Tuesday, September 2, 2008

The Gypsy Morph

Well, I really read up a storm this weekend! I finished "The Elves of Cintra" last night and immediately moved onto "The Gypsy Morph." Angel Perez, another Knight of the Word, has helped the Elves retrieve the talisman they needed to move the Ellcrys. Yet she was badly injured in her battle and is unable to help them convince their nation that what they want to do is right. So as two elves, a brother and sister, try to convince the Elven High Council to use their talisman, Logan Tom is on his way to help. Meanwhile, the Gypsy Morph is headed to save as many as possible from the coming end of the world. "The Gypsy Morph" continues the tale of how Shannara came to be from the ruins of our world. It is Terry Brooks at his best.

Sunday, August 31, 2008

The Elves of Cintra

I finished "Armageddon's Children" and have moved onto book 2 of the Genesis of Shannara: "The Elves of Cintra." "Elves" picks up right where "Children" left off: Logan Tom, Knight of the Word, has found the Gypsy Morph he was seeking in the post-apocalyptic nightmare that is the world. But right after finding the Morph, Logan lost it. But there's no time to find it - the demon army is here, ready to wage war with the nearby fortress compound; he has to trust that the Morph will be safe and he will be able to find it. I haven't gotten too far in "Elves" yet, but already a well-known personality from Shannara has made his appearance. "Children" felt closer to Terry Brooks' Word and Void series, but "Elves" has already started moving closer to Shannara. The blending of the two series is excellently done. I can't wait to see what happens to Logan and everyone else, to see how humanity will survive the demons and the once-men.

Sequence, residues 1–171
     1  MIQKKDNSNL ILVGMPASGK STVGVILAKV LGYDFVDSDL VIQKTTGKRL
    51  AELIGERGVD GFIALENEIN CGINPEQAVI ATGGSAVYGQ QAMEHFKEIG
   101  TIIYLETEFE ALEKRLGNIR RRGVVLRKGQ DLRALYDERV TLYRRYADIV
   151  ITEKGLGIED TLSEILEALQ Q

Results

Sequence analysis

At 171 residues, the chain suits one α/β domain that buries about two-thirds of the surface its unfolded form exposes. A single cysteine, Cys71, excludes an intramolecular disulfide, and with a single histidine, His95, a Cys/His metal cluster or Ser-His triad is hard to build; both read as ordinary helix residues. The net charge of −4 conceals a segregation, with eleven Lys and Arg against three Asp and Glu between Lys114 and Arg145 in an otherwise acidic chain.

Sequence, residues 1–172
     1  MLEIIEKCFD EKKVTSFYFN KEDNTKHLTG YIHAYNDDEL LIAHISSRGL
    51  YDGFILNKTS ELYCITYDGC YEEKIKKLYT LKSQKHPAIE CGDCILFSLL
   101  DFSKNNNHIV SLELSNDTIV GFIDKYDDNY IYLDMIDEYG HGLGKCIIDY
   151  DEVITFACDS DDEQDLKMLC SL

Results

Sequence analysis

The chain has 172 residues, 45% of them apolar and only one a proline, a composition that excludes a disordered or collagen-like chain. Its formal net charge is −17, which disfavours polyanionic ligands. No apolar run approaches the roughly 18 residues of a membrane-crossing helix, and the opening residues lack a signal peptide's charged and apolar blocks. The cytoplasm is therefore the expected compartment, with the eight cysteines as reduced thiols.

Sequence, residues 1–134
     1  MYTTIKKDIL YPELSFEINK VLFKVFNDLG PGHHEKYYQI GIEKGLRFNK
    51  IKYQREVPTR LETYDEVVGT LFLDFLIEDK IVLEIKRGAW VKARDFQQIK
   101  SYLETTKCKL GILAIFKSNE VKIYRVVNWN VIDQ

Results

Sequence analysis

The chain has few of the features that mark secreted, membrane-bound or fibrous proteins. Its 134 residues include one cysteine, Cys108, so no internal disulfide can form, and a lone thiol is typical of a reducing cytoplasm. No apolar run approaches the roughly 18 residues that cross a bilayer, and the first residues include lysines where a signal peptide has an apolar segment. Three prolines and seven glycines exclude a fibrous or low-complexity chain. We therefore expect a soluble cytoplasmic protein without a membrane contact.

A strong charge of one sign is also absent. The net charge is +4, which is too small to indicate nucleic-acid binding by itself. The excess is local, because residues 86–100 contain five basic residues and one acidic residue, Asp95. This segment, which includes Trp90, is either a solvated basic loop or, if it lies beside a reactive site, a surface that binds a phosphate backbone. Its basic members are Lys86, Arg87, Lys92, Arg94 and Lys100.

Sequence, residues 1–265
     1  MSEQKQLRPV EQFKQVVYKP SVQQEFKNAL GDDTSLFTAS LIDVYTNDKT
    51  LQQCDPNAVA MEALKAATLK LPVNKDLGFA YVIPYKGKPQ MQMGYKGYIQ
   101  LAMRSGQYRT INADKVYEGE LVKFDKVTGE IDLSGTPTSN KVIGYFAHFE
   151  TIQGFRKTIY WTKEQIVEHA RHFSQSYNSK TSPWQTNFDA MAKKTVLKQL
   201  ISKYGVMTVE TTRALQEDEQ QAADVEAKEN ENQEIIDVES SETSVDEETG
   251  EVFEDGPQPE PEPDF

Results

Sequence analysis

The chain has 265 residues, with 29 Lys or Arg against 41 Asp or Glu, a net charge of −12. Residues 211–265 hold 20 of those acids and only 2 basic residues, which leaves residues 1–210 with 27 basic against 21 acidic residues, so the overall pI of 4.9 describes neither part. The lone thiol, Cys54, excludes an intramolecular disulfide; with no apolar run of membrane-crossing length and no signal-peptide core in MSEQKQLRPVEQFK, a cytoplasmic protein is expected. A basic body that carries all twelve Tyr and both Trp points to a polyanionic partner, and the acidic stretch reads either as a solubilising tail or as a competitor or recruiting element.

Thursday, August 28, 2008

Still loving this series

Last week I mentioned that I was reading "Undead and unemployed". Well...in the past week I've been reading ravenously!!! I'm up to number 5 in this series and *really* enjoying them. I highly recommend them, they are fun and quick to read. I'm also enjoying that they take place in places I can relate to, such as Caribou Coffee. I keep waiting for them to go to Menards, but I can't see how they would work that into the story. But...you never know. In the latest book, not only is she does she have a fiend living in her basement, he's just told her there's a zombie in the attic. You never know what's going to happen next. Happy reading and have a great Labour Day weekend. Enjoy!

Wednesday, August 27, 2008

Armageddon's Children

At long last! After two years of waiting, I am finally starting "Armageddon's Children," the first novel in Terry Brooks' Genesis of Shannara trilogy. I bought the book about two years ago, when it first came out, but decided to wait until the entire trilogy was published before reading it. In the past I've read a book from a trilogy, and when the next book comes out a year later I've largely forgotten what has happened in the story! (One time I was sure I remembered, so I started reading book 3, and I didn't have a clue who the first character was whom I came across!) I started "Armageddon's Children" earlier today and I can't wait to read more!!!!